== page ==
CompTIA’s 8th Annual State of the Channel Report Takes Partner Pulse
Partners report apprehension about the state of the economy and the potential impact on their businesses, while at the same time are showing excitement for business growth by adopting emerging technologies and partnering with other, nontraditional, firms.
That’s a key takeaway from CompTIA’s recently released 8th State of the Channel report.
But that’s not all. This year’s research also examines channel partners’ own view on the long-term viability of the indirect channel, how some partners are reshaping their business, changes in portfolio offerings, and insight on managed services and managed service providers (MSPs), for example.
This year’s State of the Channel report doesn’t show dramatic year-over-year change, but partners participating in this year’s research are forging ahead and are building their businesses in ways that are in tune with changes shaping the IT industry. The report is based on 505 U.S. companies engaged in the business of technology.
After years of a healthy growing economy, partners see a few potential red flags that spell concern for the future of the channel. In fact, 37% of partners expressed concern about today’s economic conditions and changes to the general economy. At the same time, 37% of partners view potential government regulation of the tech industry as cause for concern.
These top two reasons for concern about the channel’s future differ from the concerns from last year where new types of competitors and a skills gap in emerging technologies were top of mind. While these two concerns still worry partners – skills gap (35%) and new competitors (34%) – they’ve just dropped a few notches in this year’s survey.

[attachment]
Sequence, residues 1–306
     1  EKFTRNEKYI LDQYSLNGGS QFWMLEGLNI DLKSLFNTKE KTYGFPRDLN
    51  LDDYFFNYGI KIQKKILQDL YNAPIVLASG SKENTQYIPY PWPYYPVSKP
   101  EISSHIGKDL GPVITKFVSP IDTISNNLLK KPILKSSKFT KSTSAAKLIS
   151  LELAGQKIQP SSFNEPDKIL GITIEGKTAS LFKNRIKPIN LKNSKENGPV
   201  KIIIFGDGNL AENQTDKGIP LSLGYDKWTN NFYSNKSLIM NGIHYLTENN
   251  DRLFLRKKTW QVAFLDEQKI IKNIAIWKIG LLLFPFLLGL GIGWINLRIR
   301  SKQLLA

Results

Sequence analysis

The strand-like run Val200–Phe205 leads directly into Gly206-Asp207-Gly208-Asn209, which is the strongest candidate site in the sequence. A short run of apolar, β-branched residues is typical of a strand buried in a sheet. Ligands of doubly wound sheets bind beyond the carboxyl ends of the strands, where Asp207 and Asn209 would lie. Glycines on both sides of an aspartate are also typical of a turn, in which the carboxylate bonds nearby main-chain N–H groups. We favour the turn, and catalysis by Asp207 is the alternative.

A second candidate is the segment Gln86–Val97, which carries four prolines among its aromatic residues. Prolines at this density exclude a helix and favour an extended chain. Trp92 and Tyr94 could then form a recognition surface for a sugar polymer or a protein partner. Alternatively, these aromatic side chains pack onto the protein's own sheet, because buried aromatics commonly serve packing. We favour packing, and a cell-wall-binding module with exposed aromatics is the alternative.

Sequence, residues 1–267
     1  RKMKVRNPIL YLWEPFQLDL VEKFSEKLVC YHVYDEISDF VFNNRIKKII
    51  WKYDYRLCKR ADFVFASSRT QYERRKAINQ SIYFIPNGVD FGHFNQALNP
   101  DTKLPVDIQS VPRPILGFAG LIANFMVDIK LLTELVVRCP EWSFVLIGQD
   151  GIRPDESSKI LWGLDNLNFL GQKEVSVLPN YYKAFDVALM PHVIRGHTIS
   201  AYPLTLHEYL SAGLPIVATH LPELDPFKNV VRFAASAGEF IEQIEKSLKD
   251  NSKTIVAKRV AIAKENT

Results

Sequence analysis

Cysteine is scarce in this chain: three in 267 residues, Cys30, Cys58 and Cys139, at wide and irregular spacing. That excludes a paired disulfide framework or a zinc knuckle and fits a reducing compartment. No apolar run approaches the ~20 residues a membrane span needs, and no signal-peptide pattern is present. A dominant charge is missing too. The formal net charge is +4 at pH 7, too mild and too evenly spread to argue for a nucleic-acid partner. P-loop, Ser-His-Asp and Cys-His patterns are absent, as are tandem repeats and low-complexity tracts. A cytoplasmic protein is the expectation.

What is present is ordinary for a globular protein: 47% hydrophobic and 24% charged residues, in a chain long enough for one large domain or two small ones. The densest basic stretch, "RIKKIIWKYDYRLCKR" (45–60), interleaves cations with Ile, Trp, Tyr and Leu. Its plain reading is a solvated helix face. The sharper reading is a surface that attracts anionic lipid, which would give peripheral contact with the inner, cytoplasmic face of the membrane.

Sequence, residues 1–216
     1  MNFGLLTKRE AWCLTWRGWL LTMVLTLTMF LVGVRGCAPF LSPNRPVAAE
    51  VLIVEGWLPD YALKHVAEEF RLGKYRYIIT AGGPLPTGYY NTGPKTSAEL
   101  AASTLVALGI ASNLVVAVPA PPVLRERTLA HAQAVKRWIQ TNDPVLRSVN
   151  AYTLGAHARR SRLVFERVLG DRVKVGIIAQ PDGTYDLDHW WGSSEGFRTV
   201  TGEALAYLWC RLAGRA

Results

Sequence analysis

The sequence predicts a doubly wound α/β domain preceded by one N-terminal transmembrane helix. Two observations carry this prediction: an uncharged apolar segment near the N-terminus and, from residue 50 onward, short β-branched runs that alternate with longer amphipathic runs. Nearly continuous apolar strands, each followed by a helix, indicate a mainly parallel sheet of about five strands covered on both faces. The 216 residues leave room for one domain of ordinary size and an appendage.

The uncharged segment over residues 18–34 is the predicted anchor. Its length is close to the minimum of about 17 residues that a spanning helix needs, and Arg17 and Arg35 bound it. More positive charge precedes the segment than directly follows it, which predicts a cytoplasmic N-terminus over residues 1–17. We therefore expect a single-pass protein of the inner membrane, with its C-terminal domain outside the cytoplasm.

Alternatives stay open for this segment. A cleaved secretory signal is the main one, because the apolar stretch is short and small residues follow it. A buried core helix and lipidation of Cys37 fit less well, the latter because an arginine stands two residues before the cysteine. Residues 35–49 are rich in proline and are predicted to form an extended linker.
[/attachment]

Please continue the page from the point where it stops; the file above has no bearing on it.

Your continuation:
Other concerns that partners have about the channel’s future — aging of IT channel owners (34%), difficulty hiring (30%), commoditization (30%), customer taking business direct (28%), and cloud disruption (27%).
While partners have a number of concerns about the future for their businesses, their take on the negative spin about the channel’s future is that 59% say there’s some truth to it, depending on the individual channel firm and business model, 26% say it’s overblown and 16% of survey takers says it’s an accurate assessment for much of the channel.
“There is some economic apprehension that the channel is feeling right now but there are a lot of positives is this year’s report, as well,” Carolyn April, senior director of industry analysis at CompTIA, told Channel Futures.
Seventy-two percent of survey respondents consider emerging tech a significant business opportunity, on par with last year’s sentiment about emerging tech (75%). Other reasons for adding emerging tech to the business portfolio — customer demand (52%), competitive differentiator (43%), to avoid obsolescence (38%), dovetails with existing portfolio (36%) and vendors pushing us in that direction (35%).
“We’re also seeing that partners are moving more into production with emerging tech rather than experimenting,” said April.
In this year’s report, 56% of partner firms’ experience with emerging tech is in production, compared to 51% in 2018; 29% are partners are experimenting with emerging tech this year, the same percentage as in 2018. The report notes the largest channel firms reporting being in the production stage with emerging tech; in fact, two-thirds of the largest organizations are selling emerging technology to customers, compared to one-half of small channel firms.
“A caveat — if only 1% of your business is emerging tech and next year it’s 2% of your business, that’s enormous …